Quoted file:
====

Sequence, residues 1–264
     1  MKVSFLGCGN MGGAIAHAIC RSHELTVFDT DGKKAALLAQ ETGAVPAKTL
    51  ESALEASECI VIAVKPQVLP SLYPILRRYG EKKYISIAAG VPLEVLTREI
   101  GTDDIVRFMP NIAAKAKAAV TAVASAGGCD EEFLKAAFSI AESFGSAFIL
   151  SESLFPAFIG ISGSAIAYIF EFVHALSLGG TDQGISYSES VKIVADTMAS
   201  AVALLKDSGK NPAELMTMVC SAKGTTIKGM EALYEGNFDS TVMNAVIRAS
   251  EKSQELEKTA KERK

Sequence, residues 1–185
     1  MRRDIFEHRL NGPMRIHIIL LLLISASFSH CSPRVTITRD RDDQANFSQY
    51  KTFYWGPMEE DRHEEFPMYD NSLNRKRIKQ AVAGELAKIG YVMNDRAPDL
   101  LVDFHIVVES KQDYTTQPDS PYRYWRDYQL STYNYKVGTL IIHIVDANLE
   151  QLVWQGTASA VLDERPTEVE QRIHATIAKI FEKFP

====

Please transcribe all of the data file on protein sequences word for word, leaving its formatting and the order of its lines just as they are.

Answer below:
Sequence, residues 1–264
     1  MKVSFLGCGN MGGAIAHAIC RSHELTVFDT DGKKAALLAQ ETGAVPAKTL
    51  ESALEASECI VIAVKPQVLP SLYPILRRYG EKKYISIAAG VPLEVLTREI
   101  GTDDIVRFMP NIAAKAKAAV TAVASAGGCD EEFLKAAFSI AESFGSAFIL
   151  SESLFPAFIG ISGSAIAYIF EFVHALSLGG TDQGISYSES VKIVADTMAS
   201  AVALLKDSGK NPAELMTMVC SAKGTTIKGM EALYEGNFDS TVMNAVIRAS
   251  EKSQELEKTA KERK

Sequence, residues 1–185
     1  MRRDIFEHRL NGPMRIHIIL LLLISASFSH CSPRVTITRD RDDQANFSQY
    51  KTFYWGPMEE DRHEEFPMYD NSLNRKRIKQ AVAGELAKIG YVMNDRAPDL
   101  LVDFHIVVES KQDYTTQPDS PYRYWRDYQL STYNYKVGTL IIHIVDANLE
   151  QLVWQGTASA VLDERPTEVE QRIHATIAKI FEKFP